Stringing is one of the easiest ways to make jewelry. Even so, there are tips and tricks to make things faster and easier as well as ensure success.  Crimp bead failures, for example, are soul destroying after the effort put into designing a necklace or bracelet.

I recently made over a necklace for a lovely lady I know.  Lorrie loved the vintage style necklace she bought two years ago but found the memory wire part of it uncomfortable to wear.  So I changed it over to a regular beading wire. 

It was a complex design with lots of dangles on jump rings. But as you can see in the close-up below, these were kept in place by larger beads on either side.  So long as I could pass a fresh beading wire through all the beads, the dangles stayed where they were!

First step to get a length of beading wire. I used the #7 0.015 inch. This wire actually has a bundle of 7 wires which makes it very strong. The more wires in the bundle, the more flexible it is.  

Never ever use flush cutters on memory wire and beading wire for that matter!  That will ruin them for sure.  Use proper wire cutters. I had trouble getting close for cutting off the memory wire end loop, so I used an end cutter or nipper

I never had to worry about maintaining the pattern of the original necklace because I just shifted over sections to the beading wire. There is no need to completely remove the beads from memory wire and lay them in order! Incidentally, this method is the same if you need to correct a stringing mistake.  Just use a fresh wire and transfer over the beads until you get to the oopsie.

I did have one dangle drop out during the transfer. That was because the jump ring was not closed properly and the exposed beading wire slipped through.  Easy enough to put the dangle back on.

Then on to the bead board. There were a number of leftover beads. Had they been more than just plain seed beads, I would have made some earrings for Lorrie.

I used not just crimp beads but wire guardians and bead covers for finishing the clasp area.  Lorrie was ok with the gold plated findings as there are no vintage brass versions as far as I know.

However, I always use sterling silver crimp beads.  My experience has shown that the gold plated varieties are not great.  Who knows what the base metal is?  I have had gold plated crimp beads shatter in the past. Sterling silver is soft and crimps well over the wire. 

I have stopped using the commonly available crimping pliers (on the left below) ever since the Om Tara crimping pliers came out and I got the chance to review it.

The one on the left just does not allow one to really crimp down hard on the wire although it has a nice rounding option which allows me to sometimes use it to tuck in wire ends while wire working.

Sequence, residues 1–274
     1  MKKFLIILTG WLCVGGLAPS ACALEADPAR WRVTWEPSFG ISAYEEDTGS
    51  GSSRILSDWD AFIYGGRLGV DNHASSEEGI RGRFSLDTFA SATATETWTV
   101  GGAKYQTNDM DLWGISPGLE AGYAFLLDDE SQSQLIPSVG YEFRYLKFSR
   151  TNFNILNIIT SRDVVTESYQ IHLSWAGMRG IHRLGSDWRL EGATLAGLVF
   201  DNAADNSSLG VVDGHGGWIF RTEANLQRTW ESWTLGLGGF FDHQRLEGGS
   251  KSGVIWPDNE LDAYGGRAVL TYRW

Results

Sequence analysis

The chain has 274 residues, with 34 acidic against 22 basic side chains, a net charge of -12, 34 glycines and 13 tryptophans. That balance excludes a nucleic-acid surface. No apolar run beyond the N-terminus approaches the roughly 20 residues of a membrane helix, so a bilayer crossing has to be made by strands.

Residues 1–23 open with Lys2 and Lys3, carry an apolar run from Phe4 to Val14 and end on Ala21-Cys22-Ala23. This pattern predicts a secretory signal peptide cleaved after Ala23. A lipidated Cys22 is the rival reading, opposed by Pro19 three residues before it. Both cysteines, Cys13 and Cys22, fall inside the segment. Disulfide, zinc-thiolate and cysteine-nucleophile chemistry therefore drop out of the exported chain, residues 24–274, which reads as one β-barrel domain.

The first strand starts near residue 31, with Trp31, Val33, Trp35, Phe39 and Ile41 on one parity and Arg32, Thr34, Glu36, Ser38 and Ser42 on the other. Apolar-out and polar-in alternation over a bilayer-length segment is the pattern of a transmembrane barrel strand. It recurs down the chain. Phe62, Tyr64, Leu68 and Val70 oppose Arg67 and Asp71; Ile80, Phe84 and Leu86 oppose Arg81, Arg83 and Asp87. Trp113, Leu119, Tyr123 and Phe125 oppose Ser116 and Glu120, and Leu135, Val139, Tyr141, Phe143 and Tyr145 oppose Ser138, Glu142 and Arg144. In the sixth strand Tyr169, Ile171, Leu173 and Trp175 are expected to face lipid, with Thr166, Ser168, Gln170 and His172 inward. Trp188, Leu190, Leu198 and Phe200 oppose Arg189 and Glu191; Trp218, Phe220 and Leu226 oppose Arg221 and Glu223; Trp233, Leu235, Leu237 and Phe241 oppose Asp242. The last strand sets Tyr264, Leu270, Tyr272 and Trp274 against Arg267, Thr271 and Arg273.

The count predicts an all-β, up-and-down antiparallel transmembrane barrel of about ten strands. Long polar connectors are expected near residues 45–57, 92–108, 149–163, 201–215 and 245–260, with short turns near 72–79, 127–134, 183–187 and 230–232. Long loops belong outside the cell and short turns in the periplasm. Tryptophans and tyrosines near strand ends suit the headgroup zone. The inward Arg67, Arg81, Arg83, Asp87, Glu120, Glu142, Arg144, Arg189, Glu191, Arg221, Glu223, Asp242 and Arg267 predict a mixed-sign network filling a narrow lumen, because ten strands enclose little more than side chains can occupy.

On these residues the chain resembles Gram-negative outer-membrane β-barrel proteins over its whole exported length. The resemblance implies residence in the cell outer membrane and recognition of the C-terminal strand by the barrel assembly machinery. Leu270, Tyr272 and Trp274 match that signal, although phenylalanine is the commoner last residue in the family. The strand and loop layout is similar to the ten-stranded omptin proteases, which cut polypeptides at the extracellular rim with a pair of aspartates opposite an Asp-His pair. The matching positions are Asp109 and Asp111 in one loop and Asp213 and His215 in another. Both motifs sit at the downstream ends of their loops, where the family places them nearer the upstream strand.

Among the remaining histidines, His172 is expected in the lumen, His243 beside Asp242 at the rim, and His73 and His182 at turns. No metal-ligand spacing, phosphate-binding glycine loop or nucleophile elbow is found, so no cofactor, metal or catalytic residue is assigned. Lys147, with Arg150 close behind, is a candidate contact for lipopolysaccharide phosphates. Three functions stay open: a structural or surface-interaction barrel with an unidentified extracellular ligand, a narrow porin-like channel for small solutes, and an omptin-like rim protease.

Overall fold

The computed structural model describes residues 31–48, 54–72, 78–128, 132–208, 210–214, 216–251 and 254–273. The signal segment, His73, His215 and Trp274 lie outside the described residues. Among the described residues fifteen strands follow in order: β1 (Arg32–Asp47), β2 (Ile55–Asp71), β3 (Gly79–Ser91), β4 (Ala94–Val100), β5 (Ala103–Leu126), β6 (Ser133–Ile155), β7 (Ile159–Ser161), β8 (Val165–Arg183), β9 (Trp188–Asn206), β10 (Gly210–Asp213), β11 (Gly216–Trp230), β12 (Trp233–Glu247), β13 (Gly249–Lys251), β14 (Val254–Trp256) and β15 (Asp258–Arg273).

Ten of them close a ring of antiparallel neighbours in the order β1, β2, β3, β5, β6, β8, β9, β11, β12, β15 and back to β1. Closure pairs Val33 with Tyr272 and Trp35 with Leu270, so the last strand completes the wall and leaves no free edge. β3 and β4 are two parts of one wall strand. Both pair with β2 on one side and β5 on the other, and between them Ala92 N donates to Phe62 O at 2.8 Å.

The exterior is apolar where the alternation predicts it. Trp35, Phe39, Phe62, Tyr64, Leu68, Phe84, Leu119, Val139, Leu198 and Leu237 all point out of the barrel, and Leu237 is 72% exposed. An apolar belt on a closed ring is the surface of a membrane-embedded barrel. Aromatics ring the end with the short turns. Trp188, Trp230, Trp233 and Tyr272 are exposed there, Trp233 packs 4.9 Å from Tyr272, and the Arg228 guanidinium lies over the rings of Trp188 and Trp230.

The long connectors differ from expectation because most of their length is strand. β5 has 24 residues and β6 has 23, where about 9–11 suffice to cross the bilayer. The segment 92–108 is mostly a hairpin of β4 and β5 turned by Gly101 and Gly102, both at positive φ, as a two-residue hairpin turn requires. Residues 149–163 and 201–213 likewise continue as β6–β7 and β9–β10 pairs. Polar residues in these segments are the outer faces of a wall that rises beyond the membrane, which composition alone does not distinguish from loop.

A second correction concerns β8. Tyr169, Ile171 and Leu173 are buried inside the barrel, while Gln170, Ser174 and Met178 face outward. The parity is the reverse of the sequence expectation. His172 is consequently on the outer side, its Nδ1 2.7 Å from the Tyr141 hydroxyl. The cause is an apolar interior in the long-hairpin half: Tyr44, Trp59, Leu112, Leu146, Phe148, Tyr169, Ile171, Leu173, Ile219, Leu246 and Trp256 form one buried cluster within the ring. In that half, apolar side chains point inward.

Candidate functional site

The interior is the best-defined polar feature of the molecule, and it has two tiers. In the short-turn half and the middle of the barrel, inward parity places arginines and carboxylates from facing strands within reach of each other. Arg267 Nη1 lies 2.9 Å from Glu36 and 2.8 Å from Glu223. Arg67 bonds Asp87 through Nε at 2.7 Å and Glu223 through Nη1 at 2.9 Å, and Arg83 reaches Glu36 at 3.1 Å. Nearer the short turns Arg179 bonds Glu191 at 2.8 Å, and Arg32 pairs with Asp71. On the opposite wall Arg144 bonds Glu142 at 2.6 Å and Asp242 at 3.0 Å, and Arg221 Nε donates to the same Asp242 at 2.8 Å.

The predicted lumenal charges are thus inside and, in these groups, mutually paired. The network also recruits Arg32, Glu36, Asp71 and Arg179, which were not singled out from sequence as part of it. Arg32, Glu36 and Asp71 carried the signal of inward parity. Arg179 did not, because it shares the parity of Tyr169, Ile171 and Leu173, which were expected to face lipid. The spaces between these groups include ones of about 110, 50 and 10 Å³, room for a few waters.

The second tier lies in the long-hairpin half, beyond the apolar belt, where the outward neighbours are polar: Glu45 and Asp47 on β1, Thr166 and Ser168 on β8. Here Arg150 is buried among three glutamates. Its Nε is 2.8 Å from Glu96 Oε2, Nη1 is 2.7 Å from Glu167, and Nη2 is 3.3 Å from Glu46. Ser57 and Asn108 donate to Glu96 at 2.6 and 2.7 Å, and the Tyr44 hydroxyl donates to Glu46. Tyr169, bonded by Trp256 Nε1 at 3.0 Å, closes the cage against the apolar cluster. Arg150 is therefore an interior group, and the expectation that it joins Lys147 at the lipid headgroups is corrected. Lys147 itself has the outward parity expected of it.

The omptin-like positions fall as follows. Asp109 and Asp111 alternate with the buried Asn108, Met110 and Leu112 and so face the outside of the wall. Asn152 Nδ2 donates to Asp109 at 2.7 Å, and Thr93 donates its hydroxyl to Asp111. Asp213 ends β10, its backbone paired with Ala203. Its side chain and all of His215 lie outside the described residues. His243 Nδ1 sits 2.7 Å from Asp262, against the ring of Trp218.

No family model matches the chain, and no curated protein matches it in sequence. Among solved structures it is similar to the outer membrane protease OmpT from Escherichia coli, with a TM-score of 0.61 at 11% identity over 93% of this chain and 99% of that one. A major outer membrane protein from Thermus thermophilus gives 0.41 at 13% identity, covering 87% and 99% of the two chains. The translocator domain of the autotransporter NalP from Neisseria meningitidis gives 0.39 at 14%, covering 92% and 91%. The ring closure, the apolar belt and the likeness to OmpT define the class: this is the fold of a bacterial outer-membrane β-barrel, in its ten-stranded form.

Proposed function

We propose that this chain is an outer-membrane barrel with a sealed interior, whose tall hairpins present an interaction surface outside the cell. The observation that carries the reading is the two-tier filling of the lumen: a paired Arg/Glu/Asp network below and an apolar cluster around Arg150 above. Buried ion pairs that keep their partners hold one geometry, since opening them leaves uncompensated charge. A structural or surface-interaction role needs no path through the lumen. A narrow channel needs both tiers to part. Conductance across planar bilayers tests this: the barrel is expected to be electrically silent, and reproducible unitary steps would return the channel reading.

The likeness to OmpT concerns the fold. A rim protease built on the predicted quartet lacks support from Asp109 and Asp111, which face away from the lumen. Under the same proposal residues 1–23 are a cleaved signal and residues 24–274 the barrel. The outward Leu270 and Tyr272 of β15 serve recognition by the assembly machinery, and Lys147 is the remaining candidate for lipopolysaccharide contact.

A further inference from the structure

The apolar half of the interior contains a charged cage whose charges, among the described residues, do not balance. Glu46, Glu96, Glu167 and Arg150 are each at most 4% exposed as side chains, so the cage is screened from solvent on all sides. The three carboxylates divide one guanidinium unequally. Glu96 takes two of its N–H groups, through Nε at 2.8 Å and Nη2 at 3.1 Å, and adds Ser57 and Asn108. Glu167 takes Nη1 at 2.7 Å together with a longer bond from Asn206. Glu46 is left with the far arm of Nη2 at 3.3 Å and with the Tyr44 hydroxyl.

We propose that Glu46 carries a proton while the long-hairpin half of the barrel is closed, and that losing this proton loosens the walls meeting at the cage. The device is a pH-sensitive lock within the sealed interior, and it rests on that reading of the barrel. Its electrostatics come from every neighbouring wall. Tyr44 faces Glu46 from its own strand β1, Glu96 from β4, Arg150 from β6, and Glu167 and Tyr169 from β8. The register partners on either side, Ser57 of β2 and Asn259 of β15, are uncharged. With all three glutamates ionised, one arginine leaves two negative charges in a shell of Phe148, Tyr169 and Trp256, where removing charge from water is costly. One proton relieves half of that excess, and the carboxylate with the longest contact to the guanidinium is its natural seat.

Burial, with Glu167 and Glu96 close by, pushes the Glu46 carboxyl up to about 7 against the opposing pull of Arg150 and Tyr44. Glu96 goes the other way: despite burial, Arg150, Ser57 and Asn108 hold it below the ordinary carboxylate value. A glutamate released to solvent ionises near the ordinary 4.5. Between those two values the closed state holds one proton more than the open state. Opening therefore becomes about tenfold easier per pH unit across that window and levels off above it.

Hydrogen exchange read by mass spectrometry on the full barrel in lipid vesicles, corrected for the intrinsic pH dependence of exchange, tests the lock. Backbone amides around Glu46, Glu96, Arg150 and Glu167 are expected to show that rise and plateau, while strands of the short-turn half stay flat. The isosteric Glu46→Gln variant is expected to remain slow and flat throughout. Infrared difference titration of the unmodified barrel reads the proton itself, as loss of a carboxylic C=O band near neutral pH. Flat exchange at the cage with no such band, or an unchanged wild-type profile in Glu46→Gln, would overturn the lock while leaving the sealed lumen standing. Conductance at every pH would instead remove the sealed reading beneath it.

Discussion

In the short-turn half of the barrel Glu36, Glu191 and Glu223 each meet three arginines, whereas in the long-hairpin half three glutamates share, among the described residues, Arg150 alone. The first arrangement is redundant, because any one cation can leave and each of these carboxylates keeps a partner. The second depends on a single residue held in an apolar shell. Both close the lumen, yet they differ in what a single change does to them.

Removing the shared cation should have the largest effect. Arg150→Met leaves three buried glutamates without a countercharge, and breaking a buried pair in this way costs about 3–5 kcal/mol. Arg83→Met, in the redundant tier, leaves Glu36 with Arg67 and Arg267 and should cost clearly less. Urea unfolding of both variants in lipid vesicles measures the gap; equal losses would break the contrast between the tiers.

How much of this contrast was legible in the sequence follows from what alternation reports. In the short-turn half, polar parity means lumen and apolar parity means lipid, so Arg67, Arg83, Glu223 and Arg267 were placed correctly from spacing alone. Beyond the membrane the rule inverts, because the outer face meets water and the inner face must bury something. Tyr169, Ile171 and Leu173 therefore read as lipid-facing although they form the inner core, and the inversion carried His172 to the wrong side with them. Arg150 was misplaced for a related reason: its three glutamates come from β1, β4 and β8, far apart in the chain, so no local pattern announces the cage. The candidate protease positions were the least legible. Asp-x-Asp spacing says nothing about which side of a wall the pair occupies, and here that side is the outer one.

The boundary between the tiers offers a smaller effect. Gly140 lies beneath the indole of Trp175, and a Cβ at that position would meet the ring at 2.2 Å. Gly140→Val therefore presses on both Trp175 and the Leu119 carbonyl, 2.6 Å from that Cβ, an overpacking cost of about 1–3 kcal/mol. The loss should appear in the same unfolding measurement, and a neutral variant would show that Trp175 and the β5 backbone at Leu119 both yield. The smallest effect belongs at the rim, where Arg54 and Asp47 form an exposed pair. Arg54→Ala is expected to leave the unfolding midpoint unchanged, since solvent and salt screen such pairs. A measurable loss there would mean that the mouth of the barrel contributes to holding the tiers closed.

The Om Tara pliers has a good size channel with a rounded protrusion to simultaneously crimp down and curve the crimp bead.

The second action is to fold over the crimp with the flat part of the pliers. 

It's a neater result and one which is more secure than the regular pliers. 

Just to be absolutely sure, I add a flattening step before I use that little channel part. You can tell I am a touch paranoiac about failed crimps!

After the rounding action, the rolled over edges are evident. I then do the final flattening part.

Adding bead covers are not my favorite activity. They can be hard to close. Just two tips. Firstly, do not over tighten the wire - there should be a tiny gap to allow for the slightly larger bead covers. Secondly, close them slowly to avoid wonky closures. 

The necklace had so many dangles that I added two crimp beads on each end for extra security. (Paranoiac much, Pearl?)

One extra tip for trimming the beading wire after stringing on all the end components is to cut it around larger beads.  I could do this as the design had larger beads after the small ones. It's really difficult to trim well so any short wire protruding is less likely to poke the wearer than if it is found among the small beads.

I gave Lorrie a short extension chain and replaced the little tag and beads from the original memory wire ends. She said she loves her made-over necklace even more so now that she can actually wear it in comfort!

Lorrie also had a pretty elastic bracelet with double holed metal components. The elastic had stretched with age so I replaced it.

Whoever did the elastic before used just a single length, crisscrossing at the back of one metal component for the knot. I replaced it with two lengths, knotting twice behind two different components.  This is for extra security - if one elastic fails, Lorrie will still have the bracelet on her wrist and not all over the floor!

As an experiment, I used  my iPhone 8+ in my windowless basement studio with a 100W equivalent daylight compact fluorescent lightbulb in an anglepoise lamp. The background was an oversized grey silicone mat for crafts. I also used a phone app for whitening the background.  My online class Easy Guide to Smartphone Jewelry Photography is now available. Read more about it here.  

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Original Post by THE BEADING GEM